Revelation 21:22-23 – “for the Lord God the Almighty and the Lamb are its temple”



reproduced from Salvation on the Line, Volume II

“I saw no temple in it, for the Lord God the Almighty and the Lamb are its temple. And the city has no need of the sun or of the moon to shine on it, for the glory of God has illumined it, and its lamp is the Lamb.”

Readers and examiners over the centuries have not fully agreed on what is represented by the “temple” here in Revelation 21:22-23. Some think that themes from Ezekiel 48, what this writer concludes to be the future Millennial Temple, are employed, and others take a more allegorical or metaphorical approach to what is described. Regardless of how of the specific language is taken, regarding the future Eternal State, what is of high importance is how to approach ho gar Kurios ho Theos ho pantokratōr naos autēs estin kai to arnion, “for~the Lord God, the Almighty [the] temple of it is, and the lamb” (Revelation 21:22, Brown and Comfort).[1] It is not just God proper which composes this Temple in the Eternal State; this Temple is composed of both God and the Lamb. This surely bears some significance on what can be deduced about the nature of the Lamb, in relation to the Lord God.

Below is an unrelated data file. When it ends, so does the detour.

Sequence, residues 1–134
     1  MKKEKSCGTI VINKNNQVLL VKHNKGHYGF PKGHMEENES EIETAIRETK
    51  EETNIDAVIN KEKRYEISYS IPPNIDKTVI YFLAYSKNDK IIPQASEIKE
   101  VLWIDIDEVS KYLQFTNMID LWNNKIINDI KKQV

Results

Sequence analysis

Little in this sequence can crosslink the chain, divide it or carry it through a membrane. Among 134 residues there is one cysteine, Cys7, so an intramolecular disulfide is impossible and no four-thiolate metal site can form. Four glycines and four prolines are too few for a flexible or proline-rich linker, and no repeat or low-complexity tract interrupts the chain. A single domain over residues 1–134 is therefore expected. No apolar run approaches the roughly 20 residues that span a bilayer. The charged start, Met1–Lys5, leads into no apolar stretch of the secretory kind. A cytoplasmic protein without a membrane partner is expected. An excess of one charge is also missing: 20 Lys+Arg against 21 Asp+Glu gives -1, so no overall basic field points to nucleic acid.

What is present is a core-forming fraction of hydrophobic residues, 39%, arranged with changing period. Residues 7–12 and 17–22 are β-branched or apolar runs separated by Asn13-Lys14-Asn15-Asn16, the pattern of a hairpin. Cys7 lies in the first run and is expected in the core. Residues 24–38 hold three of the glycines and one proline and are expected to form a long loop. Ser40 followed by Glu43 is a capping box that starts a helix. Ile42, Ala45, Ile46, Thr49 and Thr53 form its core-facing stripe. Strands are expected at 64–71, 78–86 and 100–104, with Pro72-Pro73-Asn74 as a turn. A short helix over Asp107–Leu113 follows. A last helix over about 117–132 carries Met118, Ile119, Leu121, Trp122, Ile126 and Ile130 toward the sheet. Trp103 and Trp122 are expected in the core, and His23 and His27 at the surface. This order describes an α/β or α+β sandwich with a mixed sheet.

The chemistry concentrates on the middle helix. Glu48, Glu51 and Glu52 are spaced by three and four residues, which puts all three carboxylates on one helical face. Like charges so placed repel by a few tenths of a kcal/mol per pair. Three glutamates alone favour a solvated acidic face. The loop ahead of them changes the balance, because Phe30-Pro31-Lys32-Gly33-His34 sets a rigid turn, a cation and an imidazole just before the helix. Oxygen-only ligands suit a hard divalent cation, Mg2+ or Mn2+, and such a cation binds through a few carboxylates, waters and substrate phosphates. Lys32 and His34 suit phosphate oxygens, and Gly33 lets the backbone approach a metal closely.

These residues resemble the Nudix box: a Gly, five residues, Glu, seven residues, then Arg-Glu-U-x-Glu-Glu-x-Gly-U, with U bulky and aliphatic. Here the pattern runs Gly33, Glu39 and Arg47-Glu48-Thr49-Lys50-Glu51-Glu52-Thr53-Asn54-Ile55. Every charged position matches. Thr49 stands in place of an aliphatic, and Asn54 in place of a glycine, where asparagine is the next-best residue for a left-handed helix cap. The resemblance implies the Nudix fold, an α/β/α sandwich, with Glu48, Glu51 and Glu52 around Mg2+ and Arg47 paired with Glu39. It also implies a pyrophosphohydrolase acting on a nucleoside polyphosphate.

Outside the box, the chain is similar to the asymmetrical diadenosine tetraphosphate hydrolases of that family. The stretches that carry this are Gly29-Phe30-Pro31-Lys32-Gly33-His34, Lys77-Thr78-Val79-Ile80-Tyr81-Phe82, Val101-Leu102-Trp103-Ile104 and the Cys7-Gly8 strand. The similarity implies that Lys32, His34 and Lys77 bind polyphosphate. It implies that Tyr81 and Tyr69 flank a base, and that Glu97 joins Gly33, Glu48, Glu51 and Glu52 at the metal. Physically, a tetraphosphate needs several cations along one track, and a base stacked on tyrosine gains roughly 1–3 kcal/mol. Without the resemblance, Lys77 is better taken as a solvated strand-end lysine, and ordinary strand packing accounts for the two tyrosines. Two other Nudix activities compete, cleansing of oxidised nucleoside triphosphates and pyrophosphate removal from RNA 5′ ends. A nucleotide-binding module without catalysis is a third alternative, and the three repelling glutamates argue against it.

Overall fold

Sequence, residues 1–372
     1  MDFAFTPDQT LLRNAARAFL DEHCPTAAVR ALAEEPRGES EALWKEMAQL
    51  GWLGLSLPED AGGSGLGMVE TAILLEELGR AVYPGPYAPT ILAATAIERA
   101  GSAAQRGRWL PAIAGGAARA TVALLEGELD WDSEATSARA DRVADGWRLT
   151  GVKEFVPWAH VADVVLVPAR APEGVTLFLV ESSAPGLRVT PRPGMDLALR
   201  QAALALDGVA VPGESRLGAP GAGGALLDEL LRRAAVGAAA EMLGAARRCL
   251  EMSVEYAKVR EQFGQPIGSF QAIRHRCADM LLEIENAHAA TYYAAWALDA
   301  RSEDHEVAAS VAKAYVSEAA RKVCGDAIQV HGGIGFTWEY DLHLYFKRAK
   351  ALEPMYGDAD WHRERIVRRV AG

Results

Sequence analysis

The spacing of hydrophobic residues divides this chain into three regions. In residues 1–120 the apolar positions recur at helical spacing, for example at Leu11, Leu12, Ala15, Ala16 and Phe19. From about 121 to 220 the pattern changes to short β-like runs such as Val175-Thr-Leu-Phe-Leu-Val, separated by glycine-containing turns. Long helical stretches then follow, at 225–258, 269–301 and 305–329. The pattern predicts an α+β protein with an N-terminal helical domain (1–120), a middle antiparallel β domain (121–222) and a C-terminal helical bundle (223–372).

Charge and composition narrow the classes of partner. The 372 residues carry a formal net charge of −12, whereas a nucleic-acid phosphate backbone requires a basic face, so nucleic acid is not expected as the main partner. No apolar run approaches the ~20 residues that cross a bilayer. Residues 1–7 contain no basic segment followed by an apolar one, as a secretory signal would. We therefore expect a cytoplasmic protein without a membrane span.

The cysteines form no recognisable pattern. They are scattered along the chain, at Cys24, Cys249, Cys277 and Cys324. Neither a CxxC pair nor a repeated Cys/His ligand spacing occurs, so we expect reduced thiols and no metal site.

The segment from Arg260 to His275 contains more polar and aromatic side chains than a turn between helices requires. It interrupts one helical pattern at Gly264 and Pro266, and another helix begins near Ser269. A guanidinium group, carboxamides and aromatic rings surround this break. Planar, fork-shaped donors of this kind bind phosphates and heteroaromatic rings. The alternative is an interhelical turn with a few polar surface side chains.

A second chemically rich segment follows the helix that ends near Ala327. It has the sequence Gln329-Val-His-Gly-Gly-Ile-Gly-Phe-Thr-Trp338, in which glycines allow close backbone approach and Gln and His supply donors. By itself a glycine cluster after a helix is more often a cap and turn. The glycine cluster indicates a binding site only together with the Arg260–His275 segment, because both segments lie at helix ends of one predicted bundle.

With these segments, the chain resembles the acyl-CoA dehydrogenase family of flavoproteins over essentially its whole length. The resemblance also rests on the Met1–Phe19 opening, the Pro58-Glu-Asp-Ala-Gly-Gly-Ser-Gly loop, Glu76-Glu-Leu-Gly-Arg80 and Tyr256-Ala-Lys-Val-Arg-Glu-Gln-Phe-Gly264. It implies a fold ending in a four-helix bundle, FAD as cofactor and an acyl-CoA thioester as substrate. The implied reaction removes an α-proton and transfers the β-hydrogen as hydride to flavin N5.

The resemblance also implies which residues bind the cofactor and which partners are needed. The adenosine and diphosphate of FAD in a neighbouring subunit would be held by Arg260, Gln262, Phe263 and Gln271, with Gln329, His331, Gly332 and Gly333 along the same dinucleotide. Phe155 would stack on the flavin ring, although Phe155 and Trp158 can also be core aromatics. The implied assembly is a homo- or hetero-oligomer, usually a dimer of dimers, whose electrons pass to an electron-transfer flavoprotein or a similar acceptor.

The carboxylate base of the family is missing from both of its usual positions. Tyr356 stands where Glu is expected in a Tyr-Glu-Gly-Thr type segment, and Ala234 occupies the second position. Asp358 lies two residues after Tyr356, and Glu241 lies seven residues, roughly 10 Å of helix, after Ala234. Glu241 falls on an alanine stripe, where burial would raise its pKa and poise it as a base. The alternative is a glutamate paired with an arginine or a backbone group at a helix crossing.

Mounce offers the rather general observation, “The final state toward which this points is eternity itself, where the presence of God the Father and the Lamb permeates and sanctifies all that the heavenly Jerusalem symbolizes.”[2] Yeshua the Lamb is hardly depicted here as an independent agent, who acts entirely on His own. Beasley-Murray interjects the thought, “Such an association of God and the Lamb in the eternal city inevitably suggests their unity of being. Yet it is possible that the language has in view a more specific concept, namely that the Lamb of God, who has wrought redemption for the world (1:5f., 5:6ff., 12:11), retains his role as mediator in the eternal city.”[3] It is appreciable that he has noted how the association of the Lord God and the Lamb should be taken as a unity of being, but whether Yeshua the Messiah in the Eternal State must actually mediate between redeemed humanity and God the Father can surely be questioned. Osborne more correctly concludes that the association of God and the Lamb as Temple, is indicative of how Yeshua the Messiah is to be approached and venerated the same as God the Father, sure proof of a high Christology:

“Christ the sacrificial Lamb became the conquering Ram (see Rev. 5:6) and takes his place alongside God the Father as the temple of the eternal city. This also continues the emphasis in the Apocalypse on the unity of God and Christ on the throne (4:2 = 5:6), as the Alpha and Omega (1:8 = 1:17; 21:6 = 22:13), as worthy of worship (4:8-11 = 5:9-14), as judge (14:17-20 = 19:11-21), and now as the temple in the Holy City.”[4]


[1] Brown and Comfort, 910.

[2] Mounce, Revelation, 383.

[3] Beasley-Murray, Revelation, 327.

[4] Osborne, Revelation, 761.